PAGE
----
Over the next five years, our view of the Milky Way galaxy will be revolutionised by the European Space Agency's cornerstone Gaia mission. In particular, the 2nd Gaia data release (DR2) will be available from April 25 2018, and will contain astrometric and 3-band photometric data for around 1.4 billion sources across the whole sky, with a significant subset of these stars with radial velocity, extinction and effective temperature measurements. This will provide an unprecendented look at the stellar disc and halo of the Milky way.
To help understand and interpret these observations, we have generated synthetic stellar catalogues from our high-resolution simulations designed to match the volume, accuracy and data products provided by Gaia DR2.
This page contains information and documentation on how to use the catalogues, in addition to links to download the data, supplementary material such as gravitational potential grids, and example scripts that can be used to read and extract relevant data.
Mock catalogues from ab initio magneto-hydrodynamical simulations
We have generated mock catalogues for 6 high-resolution Auriga simulations: Au 6; Au 16; Au 21; Au 23; Au 24 and Au 27 (in the nomenclature of Grand et al. 2017). For each simulation, we compute mock catalogues for 4 different solar positions, each at a radius of 8 kpc and a height of 20 pc. The four azimuthal positions are distributed equally along the 8 kpc circle. Our fiducial azimuth is defined to be 30 degrees behind the major axis of the bar, in agreement with current estimates. As there are 4 equally distributed azimuth positions, there are 2 diametrically opposed mocks per halo at an angle of 30 degrees behind the bar.
For each solar position in each Auriga simulation, we compute 2 sets of mock catalogues:
- HITS mocks: generated using a modified version of the publicly available SNAPDRAGONS code (Hunt et al. 2015, MNRAS, 450, 2132)
- ICC mocks: generated using a method based on (Lowing et al. 2015, MNRAS, 446, 2274)
A description of the data fields and their units are given in the table below taken from the appendix of Grand et al. 2018 submitted.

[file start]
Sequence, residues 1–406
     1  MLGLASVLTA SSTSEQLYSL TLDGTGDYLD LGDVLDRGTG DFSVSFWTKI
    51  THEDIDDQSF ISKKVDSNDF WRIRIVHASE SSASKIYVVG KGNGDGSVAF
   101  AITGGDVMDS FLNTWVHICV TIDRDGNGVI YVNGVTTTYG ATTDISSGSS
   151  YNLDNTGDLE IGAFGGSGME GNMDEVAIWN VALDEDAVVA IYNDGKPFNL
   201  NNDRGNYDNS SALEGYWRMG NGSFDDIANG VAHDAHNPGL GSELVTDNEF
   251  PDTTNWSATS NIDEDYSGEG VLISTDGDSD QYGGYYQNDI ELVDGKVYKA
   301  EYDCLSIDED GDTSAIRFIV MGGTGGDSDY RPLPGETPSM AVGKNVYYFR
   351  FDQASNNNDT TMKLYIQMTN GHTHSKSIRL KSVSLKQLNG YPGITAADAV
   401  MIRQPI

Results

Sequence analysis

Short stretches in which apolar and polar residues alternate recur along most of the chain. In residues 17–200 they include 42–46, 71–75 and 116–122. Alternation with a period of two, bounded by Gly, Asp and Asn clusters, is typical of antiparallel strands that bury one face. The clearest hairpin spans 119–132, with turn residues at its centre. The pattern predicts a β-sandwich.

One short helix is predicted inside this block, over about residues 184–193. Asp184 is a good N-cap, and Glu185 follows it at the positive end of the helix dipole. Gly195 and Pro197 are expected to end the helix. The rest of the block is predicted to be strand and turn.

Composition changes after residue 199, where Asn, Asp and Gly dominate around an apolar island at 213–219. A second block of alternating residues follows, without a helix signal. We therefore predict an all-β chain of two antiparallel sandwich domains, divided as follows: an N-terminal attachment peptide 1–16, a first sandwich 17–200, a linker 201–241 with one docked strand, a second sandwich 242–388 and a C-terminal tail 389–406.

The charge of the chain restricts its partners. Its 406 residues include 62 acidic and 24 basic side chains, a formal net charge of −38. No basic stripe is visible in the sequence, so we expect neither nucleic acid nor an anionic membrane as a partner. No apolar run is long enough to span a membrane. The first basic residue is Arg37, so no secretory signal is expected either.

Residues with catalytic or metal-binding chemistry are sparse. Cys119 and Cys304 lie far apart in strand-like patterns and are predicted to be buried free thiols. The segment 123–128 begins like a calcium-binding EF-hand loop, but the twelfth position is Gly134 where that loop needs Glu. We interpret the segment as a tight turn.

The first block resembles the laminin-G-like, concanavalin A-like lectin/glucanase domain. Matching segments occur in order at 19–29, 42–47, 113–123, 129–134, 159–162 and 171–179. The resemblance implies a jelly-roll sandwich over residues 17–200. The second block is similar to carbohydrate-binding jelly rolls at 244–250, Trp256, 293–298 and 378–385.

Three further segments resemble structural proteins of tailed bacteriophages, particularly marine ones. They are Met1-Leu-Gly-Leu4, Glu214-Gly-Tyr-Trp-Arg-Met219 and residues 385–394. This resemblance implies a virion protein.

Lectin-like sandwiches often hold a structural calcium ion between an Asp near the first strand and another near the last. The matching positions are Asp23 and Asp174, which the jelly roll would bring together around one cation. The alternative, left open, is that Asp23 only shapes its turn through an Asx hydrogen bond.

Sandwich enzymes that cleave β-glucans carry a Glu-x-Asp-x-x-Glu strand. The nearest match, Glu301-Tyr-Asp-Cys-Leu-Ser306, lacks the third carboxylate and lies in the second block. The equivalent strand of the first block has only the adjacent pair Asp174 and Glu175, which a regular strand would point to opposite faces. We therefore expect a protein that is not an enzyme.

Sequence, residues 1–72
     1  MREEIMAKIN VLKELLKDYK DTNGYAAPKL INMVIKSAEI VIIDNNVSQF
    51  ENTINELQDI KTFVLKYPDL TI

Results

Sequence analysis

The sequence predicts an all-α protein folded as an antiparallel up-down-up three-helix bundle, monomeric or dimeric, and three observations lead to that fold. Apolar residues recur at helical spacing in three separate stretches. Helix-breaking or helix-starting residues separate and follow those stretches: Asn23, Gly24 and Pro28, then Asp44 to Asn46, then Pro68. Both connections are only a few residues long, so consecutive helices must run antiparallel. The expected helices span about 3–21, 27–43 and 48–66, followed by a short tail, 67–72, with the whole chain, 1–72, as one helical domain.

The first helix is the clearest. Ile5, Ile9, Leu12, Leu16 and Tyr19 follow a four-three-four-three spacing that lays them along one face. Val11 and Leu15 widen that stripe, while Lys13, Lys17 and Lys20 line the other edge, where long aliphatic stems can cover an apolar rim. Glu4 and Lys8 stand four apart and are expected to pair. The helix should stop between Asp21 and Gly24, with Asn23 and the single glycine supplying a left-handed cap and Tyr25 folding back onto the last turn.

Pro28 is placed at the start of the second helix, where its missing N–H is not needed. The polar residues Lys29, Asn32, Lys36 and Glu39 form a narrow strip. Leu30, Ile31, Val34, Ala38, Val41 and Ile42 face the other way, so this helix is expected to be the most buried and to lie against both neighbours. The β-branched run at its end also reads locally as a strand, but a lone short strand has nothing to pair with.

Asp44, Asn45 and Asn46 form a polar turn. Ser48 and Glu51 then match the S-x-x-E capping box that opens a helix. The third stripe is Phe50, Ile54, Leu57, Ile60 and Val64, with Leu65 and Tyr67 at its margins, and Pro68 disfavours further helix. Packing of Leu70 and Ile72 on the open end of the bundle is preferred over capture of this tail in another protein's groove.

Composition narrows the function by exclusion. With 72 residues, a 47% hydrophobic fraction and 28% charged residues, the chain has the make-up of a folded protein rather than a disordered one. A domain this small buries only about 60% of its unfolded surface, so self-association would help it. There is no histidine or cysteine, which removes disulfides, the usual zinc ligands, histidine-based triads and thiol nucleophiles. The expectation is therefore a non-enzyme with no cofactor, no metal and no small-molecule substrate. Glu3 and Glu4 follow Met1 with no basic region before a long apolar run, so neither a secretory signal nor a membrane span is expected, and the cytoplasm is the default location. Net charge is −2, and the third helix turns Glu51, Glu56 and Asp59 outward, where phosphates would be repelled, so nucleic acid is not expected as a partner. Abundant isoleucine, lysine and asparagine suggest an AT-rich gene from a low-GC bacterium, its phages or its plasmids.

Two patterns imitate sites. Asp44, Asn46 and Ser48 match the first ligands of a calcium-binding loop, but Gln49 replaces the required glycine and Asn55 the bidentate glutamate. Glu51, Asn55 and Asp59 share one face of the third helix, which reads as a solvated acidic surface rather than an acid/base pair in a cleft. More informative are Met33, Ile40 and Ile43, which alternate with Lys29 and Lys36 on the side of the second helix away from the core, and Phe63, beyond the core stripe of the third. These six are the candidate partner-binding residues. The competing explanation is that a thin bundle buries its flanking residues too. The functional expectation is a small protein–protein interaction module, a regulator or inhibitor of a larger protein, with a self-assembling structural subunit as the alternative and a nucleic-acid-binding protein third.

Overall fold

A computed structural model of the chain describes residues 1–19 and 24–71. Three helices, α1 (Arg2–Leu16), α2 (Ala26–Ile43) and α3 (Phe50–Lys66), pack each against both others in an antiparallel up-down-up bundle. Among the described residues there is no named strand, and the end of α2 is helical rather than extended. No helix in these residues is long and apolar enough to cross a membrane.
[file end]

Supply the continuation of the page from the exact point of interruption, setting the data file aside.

Downloading the data
We have set up a querying system which accepts ADQL scripts and retrieves subsets of data. This can be accessed via this link, under the database name 'Grand2018a'. The table names are of the form [H|I]_AuXX_LY_AngleZZZ_[No]Ext where the I or H indicates ICC or HITS mocks, XX identifies the halo, Y is the resolution level (always 3 at the moment) and ZZZ is the orientation. **Note that only the angle 030 degrees is available to query on the database for each simulation. Other angles must be downloaded using the link in the paragraph above.**
An example query to retrieve stars with G<13 mag within 5 kpc of the Sun for the fiducial HITS mock of halo Au 6 is:
Users are required to acquire a database account to use the system, which can be requested by filling in the form at the Virgo Database webpage.
3-dimensional force and potential grids
Three dimensional grids of the gravitational potential and forces for all 6 simulations. We have prepared a course, polar grid and a fine, cartesian grid that covers the central galaxy. The coarse polar grid 160 logarithmically spaced between 10 kpc and 300 kpc, with 300 and 150 bins in azimuth and latitude, respectively. The fine cartesian grid is of 21 kpc side-length with a spatial resolution of 125 pc (which is comparable to the softening length of the simulation).
The grids are available to download below:
A simple script to read the grids is provided here. In this script, one can see how the grids are read into the correct coordinates, and check the information on the units of the output.
Raw simulation snapshot data
We provide also snapshot data for Auriga 6, which is perhaps the most Milky Way-like of the Auriga galaxies (this file is about 3.5 GB). This snapshot is already oriented such that the Sun is located at the default mock position, and the (0,0,0) coordinate corresponds to the Galactic centre, not the Sun. The snapshot includes data such as positions, velocities, masses etc. for all the material inside the virial radius of the main halo, including dark matter particles, star particles, and gas cells. A summary of the data fields and units are given below:
>>> Update: the coordinates and velocities at which the stars were born are now included in the snapshot data.